determined by:
Comprehension and Word Recognition must be
Instructional Level or above!
(counting only total miscues)
DLT, Fall 2010
What is considered grade level?
3rd Grade passage
Stop at 5th Grade
4th Grade passage
Stop at 6th grade
4th Grade passage
Stop at 6th grade
5th Grade passage
Stop at 7th grade
DLT, Fall 2010
So, what if . . .?
. . .the comprehension score and word
recognition scores are not in alignment?
The comprehension score becomes the
determining factor.
However, the nature and number of
miscues should be an indication of
instructional needs for this child.
DLT, Fall 2010
Administering BRI: Fluency
For LAP students only
•Time the student for 60 seconds during the
oral reading portion of the test in an
inconspicuous manner
•Mark the 60-second spot in the text
•Use the fluency rubric found in the green
section (6.5) of the curriculum framework
instead of the information found in the BRI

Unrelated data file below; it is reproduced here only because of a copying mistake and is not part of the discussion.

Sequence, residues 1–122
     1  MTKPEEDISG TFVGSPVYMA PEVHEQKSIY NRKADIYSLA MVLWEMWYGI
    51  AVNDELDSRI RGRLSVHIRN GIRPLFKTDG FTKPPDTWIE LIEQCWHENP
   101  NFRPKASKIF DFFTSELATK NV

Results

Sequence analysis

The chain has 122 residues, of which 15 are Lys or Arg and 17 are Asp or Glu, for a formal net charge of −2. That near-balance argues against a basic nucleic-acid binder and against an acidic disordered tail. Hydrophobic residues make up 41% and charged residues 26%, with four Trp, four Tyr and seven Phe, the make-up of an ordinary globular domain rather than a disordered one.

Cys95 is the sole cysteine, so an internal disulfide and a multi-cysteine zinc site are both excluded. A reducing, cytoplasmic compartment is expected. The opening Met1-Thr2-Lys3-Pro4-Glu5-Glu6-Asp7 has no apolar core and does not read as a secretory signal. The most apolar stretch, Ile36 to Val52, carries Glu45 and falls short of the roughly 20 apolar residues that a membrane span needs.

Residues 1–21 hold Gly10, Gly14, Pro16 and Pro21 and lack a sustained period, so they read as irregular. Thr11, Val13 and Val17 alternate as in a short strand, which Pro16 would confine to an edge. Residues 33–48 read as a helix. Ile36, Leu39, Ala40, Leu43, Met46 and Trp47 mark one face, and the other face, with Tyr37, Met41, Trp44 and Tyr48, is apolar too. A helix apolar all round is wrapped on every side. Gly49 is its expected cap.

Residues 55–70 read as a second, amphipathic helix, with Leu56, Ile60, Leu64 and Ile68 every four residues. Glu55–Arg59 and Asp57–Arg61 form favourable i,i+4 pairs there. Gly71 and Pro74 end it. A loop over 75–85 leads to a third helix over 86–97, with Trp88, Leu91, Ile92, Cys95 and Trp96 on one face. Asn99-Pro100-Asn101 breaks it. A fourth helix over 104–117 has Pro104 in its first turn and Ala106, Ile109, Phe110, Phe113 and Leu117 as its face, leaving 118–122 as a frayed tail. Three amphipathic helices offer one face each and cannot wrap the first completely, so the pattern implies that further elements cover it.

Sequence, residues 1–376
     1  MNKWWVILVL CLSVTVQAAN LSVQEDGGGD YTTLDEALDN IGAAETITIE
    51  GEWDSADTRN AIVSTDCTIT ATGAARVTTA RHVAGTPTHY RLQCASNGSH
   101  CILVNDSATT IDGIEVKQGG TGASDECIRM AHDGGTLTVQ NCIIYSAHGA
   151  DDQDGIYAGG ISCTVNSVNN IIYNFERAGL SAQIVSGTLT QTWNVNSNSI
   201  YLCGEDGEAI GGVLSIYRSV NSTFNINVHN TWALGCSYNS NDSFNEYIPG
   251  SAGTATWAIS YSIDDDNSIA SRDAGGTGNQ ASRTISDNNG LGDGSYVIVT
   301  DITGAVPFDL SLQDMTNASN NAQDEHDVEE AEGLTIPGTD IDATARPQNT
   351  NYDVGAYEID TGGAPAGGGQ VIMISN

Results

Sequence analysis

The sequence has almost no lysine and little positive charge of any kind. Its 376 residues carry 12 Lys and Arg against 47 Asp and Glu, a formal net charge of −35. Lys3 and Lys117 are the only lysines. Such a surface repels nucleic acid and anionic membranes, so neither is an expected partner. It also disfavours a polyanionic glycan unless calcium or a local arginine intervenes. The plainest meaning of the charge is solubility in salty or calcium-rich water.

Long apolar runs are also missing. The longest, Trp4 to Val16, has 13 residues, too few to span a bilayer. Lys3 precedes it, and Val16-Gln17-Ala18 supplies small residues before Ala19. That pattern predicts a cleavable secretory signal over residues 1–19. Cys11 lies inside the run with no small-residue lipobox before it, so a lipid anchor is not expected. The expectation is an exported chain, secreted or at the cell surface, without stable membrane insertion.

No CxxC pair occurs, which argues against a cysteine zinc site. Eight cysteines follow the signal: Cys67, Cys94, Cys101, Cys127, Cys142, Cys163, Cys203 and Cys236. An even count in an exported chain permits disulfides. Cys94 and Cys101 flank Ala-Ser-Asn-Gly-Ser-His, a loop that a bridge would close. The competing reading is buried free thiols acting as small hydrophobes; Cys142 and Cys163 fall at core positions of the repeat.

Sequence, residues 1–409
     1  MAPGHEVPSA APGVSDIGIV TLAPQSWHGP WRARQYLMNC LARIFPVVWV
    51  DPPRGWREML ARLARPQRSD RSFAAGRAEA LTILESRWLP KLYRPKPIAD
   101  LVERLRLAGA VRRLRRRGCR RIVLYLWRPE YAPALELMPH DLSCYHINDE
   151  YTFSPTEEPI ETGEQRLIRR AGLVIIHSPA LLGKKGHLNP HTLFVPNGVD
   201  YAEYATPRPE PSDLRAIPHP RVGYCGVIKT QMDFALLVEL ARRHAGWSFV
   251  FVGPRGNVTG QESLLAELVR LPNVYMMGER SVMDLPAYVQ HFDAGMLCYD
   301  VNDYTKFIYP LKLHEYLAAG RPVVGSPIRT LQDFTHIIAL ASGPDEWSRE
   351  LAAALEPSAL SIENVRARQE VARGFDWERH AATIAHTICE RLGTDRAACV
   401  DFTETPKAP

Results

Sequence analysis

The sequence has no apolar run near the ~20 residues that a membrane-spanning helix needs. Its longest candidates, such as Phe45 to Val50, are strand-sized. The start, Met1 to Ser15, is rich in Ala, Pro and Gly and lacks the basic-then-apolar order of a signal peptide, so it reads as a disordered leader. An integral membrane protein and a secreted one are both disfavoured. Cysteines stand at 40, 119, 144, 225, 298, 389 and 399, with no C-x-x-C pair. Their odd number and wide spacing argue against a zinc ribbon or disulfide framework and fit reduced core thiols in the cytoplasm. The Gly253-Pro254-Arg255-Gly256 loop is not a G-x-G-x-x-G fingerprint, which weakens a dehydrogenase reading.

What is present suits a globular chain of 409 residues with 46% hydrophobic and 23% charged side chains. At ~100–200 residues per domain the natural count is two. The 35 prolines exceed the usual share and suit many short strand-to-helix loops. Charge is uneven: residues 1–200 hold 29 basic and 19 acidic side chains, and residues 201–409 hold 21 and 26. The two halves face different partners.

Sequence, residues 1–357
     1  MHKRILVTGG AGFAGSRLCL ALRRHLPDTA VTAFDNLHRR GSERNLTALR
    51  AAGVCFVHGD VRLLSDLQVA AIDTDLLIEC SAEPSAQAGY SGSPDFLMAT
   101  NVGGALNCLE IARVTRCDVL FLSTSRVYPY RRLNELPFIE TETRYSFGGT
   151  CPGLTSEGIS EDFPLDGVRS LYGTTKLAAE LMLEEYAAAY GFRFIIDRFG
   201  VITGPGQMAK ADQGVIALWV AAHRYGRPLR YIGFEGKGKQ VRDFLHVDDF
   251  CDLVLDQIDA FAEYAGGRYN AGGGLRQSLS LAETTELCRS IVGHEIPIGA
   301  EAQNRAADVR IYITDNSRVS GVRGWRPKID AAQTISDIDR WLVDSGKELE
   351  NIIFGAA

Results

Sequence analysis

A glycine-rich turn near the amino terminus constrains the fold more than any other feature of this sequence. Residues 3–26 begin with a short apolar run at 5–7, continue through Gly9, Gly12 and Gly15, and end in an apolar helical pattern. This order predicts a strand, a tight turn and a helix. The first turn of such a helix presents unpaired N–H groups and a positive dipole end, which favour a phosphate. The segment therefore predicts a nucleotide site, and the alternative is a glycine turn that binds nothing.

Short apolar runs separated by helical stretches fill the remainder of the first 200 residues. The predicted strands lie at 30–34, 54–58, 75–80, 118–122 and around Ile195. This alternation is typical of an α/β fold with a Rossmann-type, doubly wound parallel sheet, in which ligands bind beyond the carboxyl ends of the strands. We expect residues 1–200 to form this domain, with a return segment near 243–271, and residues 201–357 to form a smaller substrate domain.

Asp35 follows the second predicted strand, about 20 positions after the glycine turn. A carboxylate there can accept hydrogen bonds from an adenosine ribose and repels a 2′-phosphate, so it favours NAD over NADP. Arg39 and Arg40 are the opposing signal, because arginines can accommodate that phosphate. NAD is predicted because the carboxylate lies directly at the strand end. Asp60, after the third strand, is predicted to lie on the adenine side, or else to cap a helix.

DLT, Fall 2010
Next steps…
What does this mean for my instruction?
Summary sheets in appendix C (starting on p. 529) can
help analyze:
•comprehension strengths and needs
Where do I go next?
Examples for instructional next steps can be found chapter
4, starting on p. 61.
DLT, Fall 2010
1. Should I help students with words they don’t know?
The recommended procedure is to remain silent. (see
DVD--word list video for example) If the student makes
no attempt, teacher should respond, “Do the best you
can” or “Go on”. (Refer to Scoring Key to determine
2. Are the answers provided with the comprehension
questions the only acceptable answers?
If a child’s response is logical, reasonable and
demonstrates understanding of the passage, you may
give credit for the answer.
DLT, Fall 2010
3. Is it acceptable to reword questions that the student doesn’t
seem to understand?
Yes, if you can do so in a way that does not provide
information that helps the student answer the question.
4. Others?
DLT, Fall 2010
What’s the bottom line?
For standardization and
Scholarsmart scores,
follow the protocol verbatim.
For diagnosis, do what’s necessary
to understand and design instruction
for the student’s needs.
DLT, Fall 2010

Administering the BRI - Adams 12 Five Star Schools